Meanwhile, an article in the East Hampton Star about some local historic preservation awards for two recently restored Colonial-era houses caught my eye, and I trotted over to check them out. One is the early-18th century Hiram Sanford House on Egypt Lane, below, a plain and modest structure behind which new owners are building some kind of modernist bunker out of shipping containers (don’t ask).

Around the corner from it, un-awarded, is an even cuter house of similar vintage, below, which I only noticed because I parked in front of it.

The more outstanding preservation project is the Gardiner Mill Cottage Gallery, below, a 1750 saltbox with leaded windows. It sits on an open 3-1/2 acre lot that has remained intact in East Hampton Village since 1638, and also contains an 1804 windmill. The building is now a new art museum, open weekends only, with rotating exhibits of historical landscape paintings.

Nearby are two more of the oldest English Colonial houses in the country, Mulford Farm and the so-called “Home Sweet Home” museum, below, plus another fine windmill. I’ve been to these numerous times, and to the lovingly maintained kitchen garden that sits between them.

From there I spotted a house across the main road, below, that appears to have equal historic integrity, with asymmetrical windows and a steeply pitched roof (for shedding snow?) Certainly more than two centuries old, it just sits there with no awards, plaques or fanfare.

Maybe it’s because I haven’t been to Europe in a while so I’m not jaded, or maybe it’s because I’m about to go back to NYC for the winter, but suddenly, the architectural heritage of this pretty town looks especially rich to me.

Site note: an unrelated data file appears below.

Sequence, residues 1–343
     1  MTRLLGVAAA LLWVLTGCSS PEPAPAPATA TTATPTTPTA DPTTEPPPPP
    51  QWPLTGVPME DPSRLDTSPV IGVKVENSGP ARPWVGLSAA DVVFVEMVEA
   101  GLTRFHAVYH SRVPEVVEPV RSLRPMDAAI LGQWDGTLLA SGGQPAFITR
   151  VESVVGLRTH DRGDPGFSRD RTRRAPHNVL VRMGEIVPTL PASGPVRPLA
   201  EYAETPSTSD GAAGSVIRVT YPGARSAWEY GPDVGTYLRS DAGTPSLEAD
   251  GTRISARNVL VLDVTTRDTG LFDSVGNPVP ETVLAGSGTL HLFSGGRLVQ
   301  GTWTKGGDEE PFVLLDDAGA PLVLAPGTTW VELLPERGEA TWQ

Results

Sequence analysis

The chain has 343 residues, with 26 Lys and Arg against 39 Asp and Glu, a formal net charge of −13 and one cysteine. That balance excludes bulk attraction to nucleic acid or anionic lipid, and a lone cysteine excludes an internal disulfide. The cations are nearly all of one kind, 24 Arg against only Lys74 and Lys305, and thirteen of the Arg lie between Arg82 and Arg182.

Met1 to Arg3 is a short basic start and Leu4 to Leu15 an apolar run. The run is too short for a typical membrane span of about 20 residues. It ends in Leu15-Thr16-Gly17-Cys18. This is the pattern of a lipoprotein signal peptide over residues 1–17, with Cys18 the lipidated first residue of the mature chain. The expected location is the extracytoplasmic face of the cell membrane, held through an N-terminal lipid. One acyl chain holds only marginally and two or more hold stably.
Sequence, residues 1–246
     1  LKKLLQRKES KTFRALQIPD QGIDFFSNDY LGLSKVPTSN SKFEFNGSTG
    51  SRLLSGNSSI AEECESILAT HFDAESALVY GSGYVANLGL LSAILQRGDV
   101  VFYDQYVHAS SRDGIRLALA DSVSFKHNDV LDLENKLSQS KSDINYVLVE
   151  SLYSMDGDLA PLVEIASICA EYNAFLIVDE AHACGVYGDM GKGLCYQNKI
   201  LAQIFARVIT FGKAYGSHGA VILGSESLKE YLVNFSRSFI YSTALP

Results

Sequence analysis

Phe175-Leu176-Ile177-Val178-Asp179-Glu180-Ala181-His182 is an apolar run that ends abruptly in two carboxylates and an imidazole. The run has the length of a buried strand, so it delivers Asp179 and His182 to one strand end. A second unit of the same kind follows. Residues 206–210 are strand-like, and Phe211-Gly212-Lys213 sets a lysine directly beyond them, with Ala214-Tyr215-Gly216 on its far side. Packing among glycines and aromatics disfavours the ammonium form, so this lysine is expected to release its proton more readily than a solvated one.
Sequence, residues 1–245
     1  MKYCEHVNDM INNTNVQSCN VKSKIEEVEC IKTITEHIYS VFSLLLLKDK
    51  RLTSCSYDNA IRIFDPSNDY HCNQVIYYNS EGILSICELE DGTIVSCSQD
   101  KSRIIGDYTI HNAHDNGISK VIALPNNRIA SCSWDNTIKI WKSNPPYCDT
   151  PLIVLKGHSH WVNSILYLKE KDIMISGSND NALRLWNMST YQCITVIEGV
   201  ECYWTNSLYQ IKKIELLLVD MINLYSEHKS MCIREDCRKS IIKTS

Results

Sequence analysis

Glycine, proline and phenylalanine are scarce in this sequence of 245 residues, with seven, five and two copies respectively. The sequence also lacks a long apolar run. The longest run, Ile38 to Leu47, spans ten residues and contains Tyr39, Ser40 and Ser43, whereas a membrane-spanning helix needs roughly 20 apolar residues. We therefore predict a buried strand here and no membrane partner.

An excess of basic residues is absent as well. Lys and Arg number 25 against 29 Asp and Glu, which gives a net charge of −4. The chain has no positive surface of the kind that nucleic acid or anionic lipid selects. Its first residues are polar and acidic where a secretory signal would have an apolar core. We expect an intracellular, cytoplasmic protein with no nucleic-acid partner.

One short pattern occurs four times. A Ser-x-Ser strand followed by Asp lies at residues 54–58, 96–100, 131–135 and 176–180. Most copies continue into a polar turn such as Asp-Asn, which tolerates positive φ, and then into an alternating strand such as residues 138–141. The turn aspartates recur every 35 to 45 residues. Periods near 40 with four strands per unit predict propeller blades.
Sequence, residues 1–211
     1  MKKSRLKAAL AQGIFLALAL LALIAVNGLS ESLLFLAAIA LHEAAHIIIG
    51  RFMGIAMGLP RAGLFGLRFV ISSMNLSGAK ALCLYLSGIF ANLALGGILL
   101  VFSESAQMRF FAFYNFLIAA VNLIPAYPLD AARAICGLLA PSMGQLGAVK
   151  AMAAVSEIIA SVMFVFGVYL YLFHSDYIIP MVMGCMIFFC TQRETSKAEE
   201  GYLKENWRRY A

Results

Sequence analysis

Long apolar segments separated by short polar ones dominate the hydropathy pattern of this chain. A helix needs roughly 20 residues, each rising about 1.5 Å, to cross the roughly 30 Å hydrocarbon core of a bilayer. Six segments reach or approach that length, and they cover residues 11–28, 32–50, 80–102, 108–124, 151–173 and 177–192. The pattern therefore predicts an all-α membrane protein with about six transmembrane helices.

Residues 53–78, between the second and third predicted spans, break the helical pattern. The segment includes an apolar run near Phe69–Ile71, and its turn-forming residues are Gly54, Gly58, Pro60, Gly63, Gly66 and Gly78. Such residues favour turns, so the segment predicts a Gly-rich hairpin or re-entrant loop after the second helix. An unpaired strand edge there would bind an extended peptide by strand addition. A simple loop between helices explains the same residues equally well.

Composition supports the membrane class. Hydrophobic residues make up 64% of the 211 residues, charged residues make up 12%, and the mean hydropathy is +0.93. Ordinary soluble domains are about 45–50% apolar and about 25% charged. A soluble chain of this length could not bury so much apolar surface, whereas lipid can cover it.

I can’t say I’m ready to go back to the city, exactly, but it’s been a good long season and things are winding down. The coleus in my window boxes are only a frost away from turning black and falling over.

I’ve planted about 1,000 early bulbs — tarzetta daffodils, crocus, glory of the snow, winter aconite — here and there throughout the property, to welcome me back next spring.

The city has its charms, and I’m determined to rediscover those, too, this winter. But it doesn’t have this:

Posted in HAMPTONS, HISTORIC PRESERVATION, LANDSCAPING, LONG ISLAND | Tagged , , , | 8 Comments

Art-Making for All in Amagansett

EAST HAMPTON, N.Y. – Among the things that are NOT bogus about this area’s reputation is its importance in the history of modern art. What is even more remarkable is that it continues — not with the physical presence of famous figures like Jackson Pollock, Lee Krasner, Willem deKooning, Robert Motherwell and dozens of other Abstract Expressionists who had strong Hamptons connections in the mid-20th century — but in the ongoing abundance of art fairs, art shows, art galleries and a unique waterfront studio where members of the public can take classes and set up at easels on a drop-in basis: The Art Barge in Napeague, moored halfway between Amagansett and Montauk.